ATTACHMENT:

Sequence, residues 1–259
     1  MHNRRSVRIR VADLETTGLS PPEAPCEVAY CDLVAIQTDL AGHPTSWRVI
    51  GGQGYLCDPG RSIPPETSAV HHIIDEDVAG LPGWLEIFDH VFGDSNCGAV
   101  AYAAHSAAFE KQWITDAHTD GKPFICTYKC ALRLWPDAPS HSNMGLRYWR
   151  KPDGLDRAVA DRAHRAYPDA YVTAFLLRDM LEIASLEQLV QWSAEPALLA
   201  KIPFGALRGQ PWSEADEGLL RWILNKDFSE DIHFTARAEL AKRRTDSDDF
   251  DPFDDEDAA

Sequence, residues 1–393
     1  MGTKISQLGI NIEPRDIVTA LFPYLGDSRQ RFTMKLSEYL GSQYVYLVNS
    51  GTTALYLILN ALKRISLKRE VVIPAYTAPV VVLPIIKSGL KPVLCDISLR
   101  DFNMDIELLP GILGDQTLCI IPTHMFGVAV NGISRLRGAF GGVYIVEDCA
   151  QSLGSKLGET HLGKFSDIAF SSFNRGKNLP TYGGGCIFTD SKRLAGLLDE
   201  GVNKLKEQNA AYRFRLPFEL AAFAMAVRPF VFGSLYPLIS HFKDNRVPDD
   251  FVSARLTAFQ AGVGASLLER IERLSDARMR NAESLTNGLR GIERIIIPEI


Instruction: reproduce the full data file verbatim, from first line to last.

Sequence, residues 1–259
     1  MHNRRSVRIR VADLETTGLS PPEAPCEVAY CDLVAIQTDL AGHPTSWRVI
    51  GGQGYLCDPG RSIPPETSAV HHIIDEDVAG LPGWLEIFDH VFGDSNCGAV
   101  AYAAHSAAFE KQWITDAHTD GKPFICTYKC ALRLWPDAPS HSNMGLRYWR
   151  KPDGLDRAVA DRAHRAYPDA YVTAFLLRDM LEIASLEQLV QWSAEPALLA
   201  KIPFGALRGQ PWSEADEGLL RWILNKDFSE DIHFTARAEL AKRRTDSDDF
   251  DPFDDEDAA

Sequence, residues 1–393
     1  MGTKISQLGI NIEPRDIVTA LFPYLGDSRQ RFTMKLSEYL GSQYVYLVNS
    51  GTTALYLILN ALKRISLKRE VVIPAYTAPV VVLPIIKSGL KPVLCDISLR
   101  DFNMDIELLP GILGDQTLCI IPTHMFGVAV NGISRLRGAF GGVYIVEDCA
   151  QSLGSKLGET HLGKFSDIAF SSFNRGKNLP TYGGGCIFTD SKRLAGLLDE
   201  GVNKLKEQNA AYRFRLPFEL AAFAMAVRPF VFGSLYPLIS HFKDNRVPDD
   251  FVSARLTAFQ AGVGASLLER IERLSDARMR NAESLTNGLR GIERIIIPEI